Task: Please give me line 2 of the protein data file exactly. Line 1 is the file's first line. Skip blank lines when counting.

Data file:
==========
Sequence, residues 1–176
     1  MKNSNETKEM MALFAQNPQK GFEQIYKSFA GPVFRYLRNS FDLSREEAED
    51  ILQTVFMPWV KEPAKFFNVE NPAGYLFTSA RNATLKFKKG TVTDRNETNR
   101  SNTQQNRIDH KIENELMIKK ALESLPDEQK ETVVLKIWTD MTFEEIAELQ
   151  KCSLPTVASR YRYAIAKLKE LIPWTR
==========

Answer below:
     1  MKNSNETKEM MALFAQNPQK GFEQIYKSFA GPVFRYLRNS FDLSREEAED